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There is something I don't understand with the future simple.

My book says we can use it in this sentence:

"In June we will bring out two new models"

Instead I would say:

"In June we are bringing out two new models"

(present continuous) because this is planned!

According to the book we should use the future simple because this is a future fact! Is it true? If yes can you give me (better) examples of future facts.

  • Can you tell us exactly which book this is, and exactly what it says? That rule doesn't sound 100% correct to me, but I would like to know exactly what it says. – stangdon Dec 22 '15 at 16:56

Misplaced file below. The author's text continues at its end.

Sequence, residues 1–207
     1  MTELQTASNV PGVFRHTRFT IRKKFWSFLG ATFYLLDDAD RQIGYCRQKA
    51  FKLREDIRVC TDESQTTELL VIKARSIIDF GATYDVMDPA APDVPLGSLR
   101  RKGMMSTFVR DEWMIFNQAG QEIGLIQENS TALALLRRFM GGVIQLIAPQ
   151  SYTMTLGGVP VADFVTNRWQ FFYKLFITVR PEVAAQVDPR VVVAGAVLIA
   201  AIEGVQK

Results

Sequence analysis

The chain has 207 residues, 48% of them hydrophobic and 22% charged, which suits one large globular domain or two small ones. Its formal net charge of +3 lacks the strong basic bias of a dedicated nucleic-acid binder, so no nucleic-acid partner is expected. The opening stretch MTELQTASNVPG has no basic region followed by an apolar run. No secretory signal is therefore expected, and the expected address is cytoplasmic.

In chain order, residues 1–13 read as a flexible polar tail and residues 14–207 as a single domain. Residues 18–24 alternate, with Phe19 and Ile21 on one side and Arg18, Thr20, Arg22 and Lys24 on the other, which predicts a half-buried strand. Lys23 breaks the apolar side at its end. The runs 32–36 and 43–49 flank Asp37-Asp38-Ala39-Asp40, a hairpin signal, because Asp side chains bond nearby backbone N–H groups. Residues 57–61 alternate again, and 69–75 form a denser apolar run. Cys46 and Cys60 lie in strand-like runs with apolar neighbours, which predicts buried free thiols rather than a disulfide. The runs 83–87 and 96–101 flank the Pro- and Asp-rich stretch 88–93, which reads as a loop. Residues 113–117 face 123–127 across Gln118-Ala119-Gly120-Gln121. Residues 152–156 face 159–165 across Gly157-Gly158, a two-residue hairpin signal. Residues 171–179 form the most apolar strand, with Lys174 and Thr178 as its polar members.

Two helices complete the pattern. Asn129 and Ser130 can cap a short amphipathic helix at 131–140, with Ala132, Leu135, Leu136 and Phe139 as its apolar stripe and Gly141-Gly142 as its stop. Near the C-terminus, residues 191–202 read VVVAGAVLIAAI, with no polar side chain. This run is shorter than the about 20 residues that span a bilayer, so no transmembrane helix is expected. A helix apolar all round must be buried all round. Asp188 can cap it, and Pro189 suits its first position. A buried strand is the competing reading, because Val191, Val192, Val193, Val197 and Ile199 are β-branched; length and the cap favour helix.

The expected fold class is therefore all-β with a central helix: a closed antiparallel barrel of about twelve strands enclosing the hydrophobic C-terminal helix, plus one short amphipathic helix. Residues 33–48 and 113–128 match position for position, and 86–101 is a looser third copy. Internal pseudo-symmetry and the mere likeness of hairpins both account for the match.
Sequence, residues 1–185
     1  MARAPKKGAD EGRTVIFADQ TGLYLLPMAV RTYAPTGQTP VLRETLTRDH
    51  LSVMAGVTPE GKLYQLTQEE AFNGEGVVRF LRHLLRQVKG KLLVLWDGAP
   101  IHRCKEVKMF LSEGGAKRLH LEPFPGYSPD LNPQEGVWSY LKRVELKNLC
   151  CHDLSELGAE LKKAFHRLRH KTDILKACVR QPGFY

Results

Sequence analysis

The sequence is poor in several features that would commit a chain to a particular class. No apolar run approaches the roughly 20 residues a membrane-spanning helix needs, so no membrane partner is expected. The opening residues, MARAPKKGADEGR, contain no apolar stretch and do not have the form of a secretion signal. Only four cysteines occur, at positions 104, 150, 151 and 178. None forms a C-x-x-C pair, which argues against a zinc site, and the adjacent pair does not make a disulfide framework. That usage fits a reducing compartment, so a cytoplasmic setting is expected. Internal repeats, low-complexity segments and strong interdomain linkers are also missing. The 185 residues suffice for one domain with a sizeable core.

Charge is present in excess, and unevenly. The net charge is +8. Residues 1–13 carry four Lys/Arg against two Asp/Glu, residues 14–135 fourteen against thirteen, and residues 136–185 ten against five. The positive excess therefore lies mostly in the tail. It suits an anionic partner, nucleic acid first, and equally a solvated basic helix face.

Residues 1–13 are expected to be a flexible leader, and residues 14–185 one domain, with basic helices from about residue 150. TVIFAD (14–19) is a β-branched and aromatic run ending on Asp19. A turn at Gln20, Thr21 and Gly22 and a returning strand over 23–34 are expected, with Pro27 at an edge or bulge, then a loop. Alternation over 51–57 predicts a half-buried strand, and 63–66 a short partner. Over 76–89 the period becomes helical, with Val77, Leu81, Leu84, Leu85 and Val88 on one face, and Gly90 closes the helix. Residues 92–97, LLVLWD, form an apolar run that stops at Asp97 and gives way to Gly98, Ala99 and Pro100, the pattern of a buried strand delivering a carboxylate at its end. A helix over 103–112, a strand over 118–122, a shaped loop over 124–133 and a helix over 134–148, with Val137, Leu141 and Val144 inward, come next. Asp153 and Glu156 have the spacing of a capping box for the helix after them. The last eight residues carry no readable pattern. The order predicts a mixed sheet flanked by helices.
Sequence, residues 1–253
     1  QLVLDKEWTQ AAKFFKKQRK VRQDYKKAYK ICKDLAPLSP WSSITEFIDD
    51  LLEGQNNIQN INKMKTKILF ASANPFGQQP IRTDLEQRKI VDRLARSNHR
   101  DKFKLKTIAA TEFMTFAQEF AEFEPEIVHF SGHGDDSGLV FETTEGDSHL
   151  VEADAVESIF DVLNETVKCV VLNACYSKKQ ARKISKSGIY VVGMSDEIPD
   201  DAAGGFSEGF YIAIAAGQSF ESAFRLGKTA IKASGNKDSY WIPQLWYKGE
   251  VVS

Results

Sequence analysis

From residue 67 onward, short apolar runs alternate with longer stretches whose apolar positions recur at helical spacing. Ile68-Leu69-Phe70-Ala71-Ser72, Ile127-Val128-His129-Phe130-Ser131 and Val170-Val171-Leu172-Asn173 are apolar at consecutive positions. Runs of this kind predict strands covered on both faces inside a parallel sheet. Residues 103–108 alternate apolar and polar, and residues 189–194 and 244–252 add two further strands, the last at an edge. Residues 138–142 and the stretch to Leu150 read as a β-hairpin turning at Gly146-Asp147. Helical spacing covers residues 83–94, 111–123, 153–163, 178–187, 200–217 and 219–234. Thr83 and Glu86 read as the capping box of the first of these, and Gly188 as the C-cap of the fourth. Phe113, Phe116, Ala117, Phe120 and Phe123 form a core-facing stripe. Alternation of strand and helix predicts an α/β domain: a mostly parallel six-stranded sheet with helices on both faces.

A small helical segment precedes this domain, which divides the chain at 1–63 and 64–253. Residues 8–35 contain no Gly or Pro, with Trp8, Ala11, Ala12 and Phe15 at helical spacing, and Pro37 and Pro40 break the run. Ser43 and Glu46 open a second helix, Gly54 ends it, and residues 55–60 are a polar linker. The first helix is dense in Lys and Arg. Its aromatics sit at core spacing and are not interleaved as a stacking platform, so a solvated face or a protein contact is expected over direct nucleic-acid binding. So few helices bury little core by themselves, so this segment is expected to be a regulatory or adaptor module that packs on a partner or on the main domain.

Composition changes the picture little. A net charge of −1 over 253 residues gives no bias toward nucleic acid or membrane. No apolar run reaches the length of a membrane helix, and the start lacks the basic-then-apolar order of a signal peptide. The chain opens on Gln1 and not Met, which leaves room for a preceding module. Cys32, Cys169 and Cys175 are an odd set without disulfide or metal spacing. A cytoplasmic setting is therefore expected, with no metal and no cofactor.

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For your example both work because you included the prepositional phrase "In June". Without that phrase, the second sentence gives you no information about the timing of the event, while the first still tells you with certainty that it will happen at some point in the future:

"We will bring out two new models"

vs.

"We are bringing out two new models"

In general future fact sounds very certain, and implies something about the timing without any prepositions. Consider the differences between:

"I will survive" versus "I am surviving". The first sounds reassured, while the second sounds like you're barely surviving.

"I will go on vacation" versus "I am going on vacation". The first is clear that this is something that will happen in the future. The second is unclear, it could mean you are leaving right now.

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